Doug: So then after the war, when you came back—now did you have a girlfriend while you were—
Glen: I was married!
Doug: You are married the whole time?
Glen: Yeah, I got married in January of the former year.
Doug: So before you went into the Air Corps—
Glen: Yeah, I was married almost a year when I went in. When we came back—I had a brother four years younger than I—we were the best of buddies—and he and I started the ready mix plant in Goshen. That would have been about ’47 or ’48—probably ’47.
Doug: And that was the one out on Logan Avenue, you said?
Glen: Logan, you know where Logan is? You know, it’s now filled up. Then, it was an industrial—Shasta Trailer was being built back there, then. And Logan Fuel was back there.
Well, that—I had to borrow—I had to go to Salem Bank—I don’t think you can print this—I had to go to Salem Bank, because I needed forty thousand to start that ready mix plant. And Ed Stout was the head loan officer, and he said, “No, I can’t loan you the money, Glen. He said that will never go in Goshen.”
So I went to Elkhart and got a hold of a guy by the name of Lloyd Minnix(??). He loaned me the forty thousand. And we kept the employees on during the winter, and paid them full wages, so they could live, and we would have them for the spring. Well, I couldn’t meet the payments. So I got a letter from the First National Bank of Elkhart—they were going to take all the trucks and the ready mix plant.
And I got all excited. I knew a guy by the name of Bill Kerfin(??) who owned National Plywood, and he supplied us at the trailer industry. And he had an office in Chicago—he lived in Chicago. So I jumped in the car and went to Chicago—called him, of course—and he took me to his bank. It was a huge bank, right downtown. We walked up these steps—I never will forget, real wide, and had a couple of guards standing up at the top—and into the president of the bank’s office. And Bill Kerfin said, “Tell him your story.”
And I did. And he leaned back in his chair and laughed. He said, “You’re from a small town, Glen. They don’t want your ready mix plant. Go back and get the papers, take them in, and throw it on his desk and say, There you are.” He said, “They’ll redo your loan to your satisfaction. Figure out what you want, and they’ll redo it.”
So that’s what I did, and that’s what happened.
Doug: So you would’ve still been in your twenties, back then, if it would’ve been in the late forties?
Glen: Yeah, that would have been about ’48, probably. We sold out to Lewis in ’54.
Doug: So you were the first ready mix plant in Goshen?
Glen: Oh yeah.
Doug: So, did that help contribute to the growth of Goshen as a community, do you think? Did having a ready mix company in Goshen—how did that affect the local economy? Was that necessary? The fifties were a time of—
Glen: Oh, the ready mix plant really boomed, Doug. Yeah, it was—I made a mistake by selling it to Lewis Fidler. But the circumstances at the time kind of forced that sale. But, you know Lewis, he moved that plant. He built a plant out by his gravel pit. We were buying sand and gravel—what I should have done was merge it with him. But, that’s all hindsight, you know.
Doug: Have you been out to Fidler Pond since that has opened?
Glen: No, I have not. No. Then—
That’s the best part of my life, I guess.
Doug: Yeah. I know you said those were all Elkhart County area experiences. But then in later years, you spent time around a lot of different places working for other people, running plants in California and Florida and—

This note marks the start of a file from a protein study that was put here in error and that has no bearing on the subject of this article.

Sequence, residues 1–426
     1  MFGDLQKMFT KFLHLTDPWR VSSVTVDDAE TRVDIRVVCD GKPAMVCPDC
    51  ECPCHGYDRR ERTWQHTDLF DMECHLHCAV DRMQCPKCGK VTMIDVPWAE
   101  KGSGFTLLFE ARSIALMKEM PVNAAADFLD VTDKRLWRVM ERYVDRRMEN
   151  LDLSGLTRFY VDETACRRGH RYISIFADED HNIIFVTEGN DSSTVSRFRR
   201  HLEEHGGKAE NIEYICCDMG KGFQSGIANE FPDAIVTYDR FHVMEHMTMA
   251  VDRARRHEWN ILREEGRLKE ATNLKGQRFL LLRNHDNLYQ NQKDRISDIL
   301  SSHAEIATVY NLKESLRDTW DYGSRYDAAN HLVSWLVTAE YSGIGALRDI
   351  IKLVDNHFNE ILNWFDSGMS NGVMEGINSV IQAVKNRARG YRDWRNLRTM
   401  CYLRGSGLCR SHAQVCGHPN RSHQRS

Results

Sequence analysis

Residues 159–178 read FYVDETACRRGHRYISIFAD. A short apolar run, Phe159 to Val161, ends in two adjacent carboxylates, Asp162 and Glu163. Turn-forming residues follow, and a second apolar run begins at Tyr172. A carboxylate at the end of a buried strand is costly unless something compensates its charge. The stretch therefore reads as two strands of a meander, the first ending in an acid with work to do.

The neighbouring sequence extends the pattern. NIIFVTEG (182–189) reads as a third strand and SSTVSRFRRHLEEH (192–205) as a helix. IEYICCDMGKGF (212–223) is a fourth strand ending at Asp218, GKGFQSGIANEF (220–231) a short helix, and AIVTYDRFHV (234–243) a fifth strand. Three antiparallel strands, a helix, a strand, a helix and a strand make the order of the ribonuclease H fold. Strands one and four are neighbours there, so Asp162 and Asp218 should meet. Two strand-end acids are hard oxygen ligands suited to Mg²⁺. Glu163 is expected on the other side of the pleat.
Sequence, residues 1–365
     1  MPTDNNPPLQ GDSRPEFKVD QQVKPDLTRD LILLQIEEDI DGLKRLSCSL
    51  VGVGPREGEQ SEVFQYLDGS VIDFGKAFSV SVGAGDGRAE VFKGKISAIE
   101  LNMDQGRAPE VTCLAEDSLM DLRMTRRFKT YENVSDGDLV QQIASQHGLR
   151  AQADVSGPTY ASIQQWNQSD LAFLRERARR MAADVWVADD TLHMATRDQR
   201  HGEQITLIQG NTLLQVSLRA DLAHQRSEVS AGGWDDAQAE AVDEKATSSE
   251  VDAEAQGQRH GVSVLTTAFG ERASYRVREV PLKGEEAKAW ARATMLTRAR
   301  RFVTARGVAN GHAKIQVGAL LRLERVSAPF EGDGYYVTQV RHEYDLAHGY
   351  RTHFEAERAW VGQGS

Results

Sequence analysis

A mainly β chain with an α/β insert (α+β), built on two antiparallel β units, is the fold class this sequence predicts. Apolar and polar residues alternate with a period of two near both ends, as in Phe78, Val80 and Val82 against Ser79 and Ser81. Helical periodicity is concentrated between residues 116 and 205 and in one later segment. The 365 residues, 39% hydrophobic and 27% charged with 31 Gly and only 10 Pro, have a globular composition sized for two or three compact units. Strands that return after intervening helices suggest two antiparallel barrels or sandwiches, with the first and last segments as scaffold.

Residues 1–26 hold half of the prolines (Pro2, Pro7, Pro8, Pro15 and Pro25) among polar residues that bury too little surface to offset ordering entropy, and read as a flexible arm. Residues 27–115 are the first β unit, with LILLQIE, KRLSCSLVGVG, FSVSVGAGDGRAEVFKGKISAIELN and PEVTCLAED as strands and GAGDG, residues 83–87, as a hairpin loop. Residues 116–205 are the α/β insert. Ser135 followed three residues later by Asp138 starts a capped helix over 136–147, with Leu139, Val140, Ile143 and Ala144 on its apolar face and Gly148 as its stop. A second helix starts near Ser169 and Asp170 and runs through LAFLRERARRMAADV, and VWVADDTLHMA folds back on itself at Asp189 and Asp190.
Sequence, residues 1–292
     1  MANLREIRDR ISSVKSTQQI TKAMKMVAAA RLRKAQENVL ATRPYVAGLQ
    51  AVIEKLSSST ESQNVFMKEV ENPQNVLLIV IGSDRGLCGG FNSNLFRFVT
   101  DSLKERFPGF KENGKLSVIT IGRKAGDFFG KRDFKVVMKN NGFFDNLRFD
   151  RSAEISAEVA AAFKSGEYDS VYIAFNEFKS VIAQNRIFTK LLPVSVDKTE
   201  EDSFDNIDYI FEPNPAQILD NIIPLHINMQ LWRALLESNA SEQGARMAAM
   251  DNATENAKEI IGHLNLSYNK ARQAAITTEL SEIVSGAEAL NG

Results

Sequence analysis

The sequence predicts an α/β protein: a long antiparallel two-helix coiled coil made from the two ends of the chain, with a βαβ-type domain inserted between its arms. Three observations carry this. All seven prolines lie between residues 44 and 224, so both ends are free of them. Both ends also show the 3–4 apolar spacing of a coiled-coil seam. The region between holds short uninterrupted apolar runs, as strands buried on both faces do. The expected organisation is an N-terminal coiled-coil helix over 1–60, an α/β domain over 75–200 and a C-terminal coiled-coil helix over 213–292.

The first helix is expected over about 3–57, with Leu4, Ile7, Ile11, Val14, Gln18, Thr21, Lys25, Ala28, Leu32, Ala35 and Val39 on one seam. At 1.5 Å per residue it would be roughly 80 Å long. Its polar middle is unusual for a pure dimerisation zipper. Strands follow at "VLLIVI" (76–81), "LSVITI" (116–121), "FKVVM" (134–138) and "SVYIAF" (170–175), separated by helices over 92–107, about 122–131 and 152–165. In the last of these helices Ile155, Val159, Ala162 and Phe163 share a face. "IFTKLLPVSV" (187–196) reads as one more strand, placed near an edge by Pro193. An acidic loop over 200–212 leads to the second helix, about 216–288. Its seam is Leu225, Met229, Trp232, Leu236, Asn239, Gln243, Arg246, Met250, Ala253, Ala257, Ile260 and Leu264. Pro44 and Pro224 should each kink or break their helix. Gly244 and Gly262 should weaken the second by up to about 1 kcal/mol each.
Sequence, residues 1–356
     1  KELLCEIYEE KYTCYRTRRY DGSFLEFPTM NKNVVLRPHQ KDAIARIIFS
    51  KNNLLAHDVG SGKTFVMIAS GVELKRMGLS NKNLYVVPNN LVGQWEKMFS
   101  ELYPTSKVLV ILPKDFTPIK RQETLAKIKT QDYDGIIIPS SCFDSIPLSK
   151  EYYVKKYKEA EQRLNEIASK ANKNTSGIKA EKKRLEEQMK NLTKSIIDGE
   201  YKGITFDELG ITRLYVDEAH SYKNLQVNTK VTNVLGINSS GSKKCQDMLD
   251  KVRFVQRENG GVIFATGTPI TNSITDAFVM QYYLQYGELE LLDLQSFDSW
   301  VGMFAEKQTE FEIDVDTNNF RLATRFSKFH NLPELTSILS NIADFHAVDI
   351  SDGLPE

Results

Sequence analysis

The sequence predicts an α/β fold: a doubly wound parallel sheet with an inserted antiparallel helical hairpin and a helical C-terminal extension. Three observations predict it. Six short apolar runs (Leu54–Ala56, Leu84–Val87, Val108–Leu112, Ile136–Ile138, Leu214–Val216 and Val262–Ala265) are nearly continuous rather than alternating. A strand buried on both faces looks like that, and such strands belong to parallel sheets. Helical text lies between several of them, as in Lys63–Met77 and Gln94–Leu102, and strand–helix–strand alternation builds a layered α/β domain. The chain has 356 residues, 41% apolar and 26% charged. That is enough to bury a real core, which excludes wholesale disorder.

Glen: No. I never did much in Goshen after I sold the ready mix plant. I got a job with Skyline; they had a plant in Howe, Indiana. It was a remodeled chicken house; they dug the floor out and recessed it enough that they could run a line of trailers down through it. Well, Art Decio and a carload of his honchos showed up one day and said, “Glen, we’re going to build you a new plant. Where do you want it?” I said, “Well, there’s a vacant spot up by the toll road.” So they bought that spot and built us a new plant.
The new plant could get fourteen in the line. It was run sideways line, you know. And Riblet built a frame shop down there, next to that plant. After we were going—you’d get fourteen in a line, and the rule of thumb is if you get fourteen in the line, you get fourteen a day out. Well, we were getting twenty a day out. And you know, we were behind on orders. We didn’t have room to store the material—we had trucks lined up all the time every day, delivering material. So Art told everybody at Skyline, “Leave Glen alone.”
So that was a really successful operation. I think I left that in—I think it was ’79.
Doug: That’s where they were building single-wides?
Glen: Single-wides; twelve-wides. Yeah.
Doug: And didn’t you do something to increase the size of the unit there?
Glen: Oh. Yeah. We started building a fourteen-wide. That meant the rack—you had racks that lowered on a twelve-wide to work on the roof. That meant those racks had to expand 1 foot on each side. And Skyline was working on that, to do that. And I was standing out there looking at that one day. We had a guy whose name was Bill Lyons, a maintenance man. Bill was single, kind of dirty, but he was kind of a genius on maintenance.
He come up and he said, “What are you looking at, Glen?” So I said, “Well, I’m trying to figure out how to spread that rack a foot on each side, so it got two more feet to build a [fourteen-wide] trailer.” And he said, “Well, do this, this, this”—so all he did was put a cam up there that you pulled a lever, twisted the cam, and spread them out, you know? They were already built for that. Then pull it the other way, and it pulled them back together. You had to redo it a little bit—you had to put in some driveshafts, you know?